Review question: We reviewed the evidence that compares surgery versus non-surgical treatment for a condition called lumbar spinal stenosis. This condition occurs when the area surrounding the spinal cord and nerves becomes smaller.
Background: People with lumbar spinal stenosis experience a range of symptoms including back pain, leg pain, numbness and tingling in the legs and reduced physical function. These symptoms prompt people to seek treatment. One option for treatment is surgery. Other treatment options include physical therapy, exercise, braces and injections into the spine.
Study characteristics: We included five studies that compared surgical versus non-surgical treatment in a total of 643 people with lumbar spinal stenosis. Average age of participants in all studies was over 59 years. Follow-up periods ranged from six weeks to 10 years.
Key results: We cannot conclude on the basis of this review whether surgical or non-surgical treatment is better for individuals with lumbar spinal stenosis. Nevertheless, we can report on the high rate of effects reported in three of five surgical groups, ranging from 10% to 24%. No side effects were reported for any of the conservative treatment options.
Three studies compared spine surgery versus various types of non-surgical treatment. It is difficult for review authors to draw conclusions from these studies because non-surgical treatments were inadequately described. One study that compared surgery versus bracing and exercise found no differences in pain. Another study compared surgery versus spinal injections and found better physical function with injections, and better pain relief with surgery at six weeks. Still another trial compared surgery with an implanted device versus non-surgical care. This study reported favourable outcomes of surgery for symptoms and physical function.
Quality of the evidence: Evidence obtained by comparing surgery versus non-surgical treatment is of low quality. Well-designed studies are needed to examine this problem. In particular, researchers need to do a better job of describing the details of non-surgical treatments.
We have very little confidence to conclude whether surgical treatment or a conservative approach is better for lumbar spinal stenosis, and we can provide no new recommendations to guide clinical practice. However, it should be noted that the rate of side effects ranged from 10% to 24% in surgical cases, and no side effects were reported for any conservative treatment. No clear benefits were observed with surgery versus non-surgical treatment. These findings suggest that clinicians should be very careful in informing patients about possible treatment options, especially given that conservative treatment options have resulted in no reported side effects. High-quality research is needed to compare surgical versus conservative care for individuals with lumbar spinal stenosis.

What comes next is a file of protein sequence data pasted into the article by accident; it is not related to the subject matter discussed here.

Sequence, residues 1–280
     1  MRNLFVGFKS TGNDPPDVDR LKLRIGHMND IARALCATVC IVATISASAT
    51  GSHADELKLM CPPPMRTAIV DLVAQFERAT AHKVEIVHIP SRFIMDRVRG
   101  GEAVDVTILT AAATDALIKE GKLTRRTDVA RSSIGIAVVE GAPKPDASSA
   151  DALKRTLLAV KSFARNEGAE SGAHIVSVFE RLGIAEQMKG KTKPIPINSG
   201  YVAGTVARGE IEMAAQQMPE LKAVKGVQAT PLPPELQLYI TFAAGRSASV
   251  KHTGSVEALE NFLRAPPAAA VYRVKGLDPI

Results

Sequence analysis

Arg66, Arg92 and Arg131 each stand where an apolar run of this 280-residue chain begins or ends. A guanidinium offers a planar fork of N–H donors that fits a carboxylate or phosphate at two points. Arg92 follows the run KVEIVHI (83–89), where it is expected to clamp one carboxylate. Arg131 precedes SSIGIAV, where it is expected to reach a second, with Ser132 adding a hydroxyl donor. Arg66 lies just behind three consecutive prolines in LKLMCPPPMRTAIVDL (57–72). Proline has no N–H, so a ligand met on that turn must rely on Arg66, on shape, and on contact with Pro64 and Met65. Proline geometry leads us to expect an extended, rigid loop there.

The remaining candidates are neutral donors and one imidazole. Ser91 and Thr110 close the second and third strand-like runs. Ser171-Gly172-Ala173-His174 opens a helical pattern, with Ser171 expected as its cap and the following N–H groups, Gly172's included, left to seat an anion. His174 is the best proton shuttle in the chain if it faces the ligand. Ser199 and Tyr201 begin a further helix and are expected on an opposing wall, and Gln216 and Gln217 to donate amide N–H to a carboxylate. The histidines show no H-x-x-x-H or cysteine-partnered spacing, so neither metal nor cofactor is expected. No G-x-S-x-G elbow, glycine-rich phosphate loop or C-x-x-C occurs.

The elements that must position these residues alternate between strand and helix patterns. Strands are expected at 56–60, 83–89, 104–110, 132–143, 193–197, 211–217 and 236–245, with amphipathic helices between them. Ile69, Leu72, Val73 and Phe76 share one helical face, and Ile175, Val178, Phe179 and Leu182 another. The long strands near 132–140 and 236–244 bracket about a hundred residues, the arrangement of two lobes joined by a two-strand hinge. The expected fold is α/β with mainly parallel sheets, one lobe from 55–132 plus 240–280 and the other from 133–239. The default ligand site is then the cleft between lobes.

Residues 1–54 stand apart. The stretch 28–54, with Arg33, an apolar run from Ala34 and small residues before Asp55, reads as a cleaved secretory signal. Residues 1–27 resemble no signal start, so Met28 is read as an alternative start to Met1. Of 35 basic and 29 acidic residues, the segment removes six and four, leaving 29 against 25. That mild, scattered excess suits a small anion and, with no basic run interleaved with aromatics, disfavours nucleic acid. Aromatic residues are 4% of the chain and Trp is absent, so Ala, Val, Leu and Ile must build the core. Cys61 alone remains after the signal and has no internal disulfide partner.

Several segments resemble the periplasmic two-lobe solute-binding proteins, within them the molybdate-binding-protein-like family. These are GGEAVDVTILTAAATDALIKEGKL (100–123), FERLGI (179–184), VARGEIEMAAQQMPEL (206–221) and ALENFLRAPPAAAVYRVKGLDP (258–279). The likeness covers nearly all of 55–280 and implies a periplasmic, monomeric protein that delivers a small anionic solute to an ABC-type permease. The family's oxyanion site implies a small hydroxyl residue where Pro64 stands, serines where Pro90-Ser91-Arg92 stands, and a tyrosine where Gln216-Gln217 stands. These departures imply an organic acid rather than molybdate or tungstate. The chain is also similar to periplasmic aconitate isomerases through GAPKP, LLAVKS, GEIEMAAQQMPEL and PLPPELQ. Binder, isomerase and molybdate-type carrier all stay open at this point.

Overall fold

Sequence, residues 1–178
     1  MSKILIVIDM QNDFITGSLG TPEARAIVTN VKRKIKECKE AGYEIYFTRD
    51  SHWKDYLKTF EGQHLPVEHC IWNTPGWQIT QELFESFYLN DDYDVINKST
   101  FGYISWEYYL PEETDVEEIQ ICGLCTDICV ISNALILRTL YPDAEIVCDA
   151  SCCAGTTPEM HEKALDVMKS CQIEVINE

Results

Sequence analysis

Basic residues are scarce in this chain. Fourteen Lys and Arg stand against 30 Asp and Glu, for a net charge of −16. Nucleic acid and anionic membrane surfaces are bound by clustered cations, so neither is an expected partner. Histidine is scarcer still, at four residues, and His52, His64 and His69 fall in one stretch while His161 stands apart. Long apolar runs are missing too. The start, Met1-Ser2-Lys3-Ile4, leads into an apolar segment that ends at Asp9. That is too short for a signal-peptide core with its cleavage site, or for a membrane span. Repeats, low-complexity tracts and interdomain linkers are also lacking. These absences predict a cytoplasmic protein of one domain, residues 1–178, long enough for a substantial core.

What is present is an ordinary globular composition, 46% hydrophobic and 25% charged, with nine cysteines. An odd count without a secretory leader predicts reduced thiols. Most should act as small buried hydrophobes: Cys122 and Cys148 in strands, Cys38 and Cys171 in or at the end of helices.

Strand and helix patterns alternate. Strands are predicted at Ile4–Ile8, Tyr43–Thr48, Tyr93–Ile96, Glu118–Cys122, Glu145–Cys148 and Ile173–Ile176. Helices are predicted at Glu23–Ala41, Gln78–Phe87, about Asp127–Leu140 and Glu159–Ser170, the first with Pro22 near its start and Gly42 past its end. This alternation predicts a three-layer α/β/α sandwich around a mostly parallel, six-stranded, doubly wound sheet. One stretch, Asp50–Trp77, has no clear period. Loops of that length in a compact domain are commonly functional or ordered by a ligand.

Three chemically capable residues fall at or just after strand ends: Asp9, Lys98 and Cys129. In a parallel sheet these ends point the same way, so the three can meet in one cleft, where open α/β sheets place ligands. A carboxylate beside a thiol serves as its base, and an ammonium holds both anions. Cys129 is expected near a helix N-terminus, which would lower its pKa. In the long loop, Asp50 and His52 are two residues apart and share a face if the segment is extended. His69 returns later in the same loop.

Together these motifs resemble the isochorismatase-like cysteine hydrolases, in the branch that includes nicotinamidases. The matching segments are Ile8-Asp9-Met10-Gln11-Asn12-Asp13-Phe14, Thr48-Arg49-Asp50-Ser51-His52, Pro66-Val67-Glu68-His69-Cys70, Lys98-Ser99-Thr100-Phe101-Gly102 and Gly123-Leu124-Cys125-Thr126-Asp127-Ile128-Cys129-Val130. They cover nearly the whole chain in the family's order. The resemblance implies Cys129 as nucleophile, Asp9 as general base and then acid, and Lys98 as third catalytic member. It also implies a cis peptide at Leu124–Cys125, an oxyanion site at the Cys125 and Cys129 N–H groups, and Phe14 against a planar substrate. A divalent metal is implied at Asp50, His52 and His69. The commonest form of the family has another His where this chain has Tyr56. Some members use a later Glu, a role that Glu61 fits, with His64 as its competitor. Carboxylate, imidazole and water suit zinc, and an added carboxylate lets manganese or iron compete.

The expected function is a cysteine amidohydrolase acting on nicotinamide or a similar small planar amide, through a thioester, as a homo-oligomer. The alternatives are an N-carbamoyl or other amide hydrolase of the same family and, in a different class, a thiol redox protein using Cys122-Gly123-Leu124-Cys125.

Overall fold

Lumbar spinal stenosis (LSS) is a debilitating condition associated with degeneration of the spine with aging.
To evaluate the effectiveness of different types of surgery compared with different types of non-surgical interventions in adults with symptomatic LSS. Primary outcomes included quality of life, disability, function and pain. Also, to consider complication rates and side effects, and to evaluate short-, intermediate- and long-term outcomes (six months, six months to two years, five years or longer).
We searched the Cochrane Central Register of Controlled Trials (CENTRAL), MEDLINE, EMBASE, five other databases and two trials registries up to February 2015. We also screened reference lists and conference proceedings related to treatment of the spine.
Randomised controlled trials (RCTs) comparing surgical versus non-operative treatments in participants with lumbar spinal stenosis confirmed by clinical and imaging findings.
From the 12,966 citations screened, we assessed 26 full-text articles and included five RCTs (643 participants).
Low-quality evidence from the meta-analysis performed on two trials using the Oswestry Disability Index (pain-related disability) to compare direct decompression with or without fusion versus multi-modal non-operative care showed no significant differences at six months (mean difference (MD) -3.66, 95% confidence interval (CI) -10.12 to 2.80) and at one year (MD -6.18, 95% CI -15.03 to 2.66). At 24 months, significant differences favoured decompression (MD -4.43, 95% CI -7.91 to -0.96). Low-quality evidence from one small study revealed no difference in pain outcomes between decompression and usual conservative care (bracing and exercise) at three months (risk ratio (RR) 1.38, 95% CI 0.22 to 8.59), four years (RR 7.50, 95% CI 1.00 to 56.48) and 10 years (RR 4.09, 95% CI 0.95 to 17.58).
Low-quality evidence from one small study suggested no differences at six weeks in the Oswestry Disability Index for patients treated with minimally invasive mild decompression versus those treated with epidural steroid injections (MD 5.70, 95% CI 0.57 to 10.83; 38 participants). Zurich Claudication Questionnaire (ZCQ) results were better for epidural injection at six weeks (MD -0.60, 95% CI -0.92 to -0.28), and visual analogue scale (VAS) improvements were better in the mild decompression group (MD 2.40, 95% CI 1.92 to 2.88). At 12 weeks, many cross-overs prevented further analysis.
Low-quality evidence from a single study including 191 participants favoured the interspinous spacer versus usual conservative treatment at six weeks, six months and one year for symptom severity and physical function.
All remaining studies reported complications associated with surgery and conservative side effects of treatment: Two studies reported no major complications in the surgical group, and the other study reported complications in 10% and 24% of participants, including spinous process fracture, coronary ischaemia, respiratory distress, haematoma, stroke, risk of reoperation and death due to pulmonary oedema.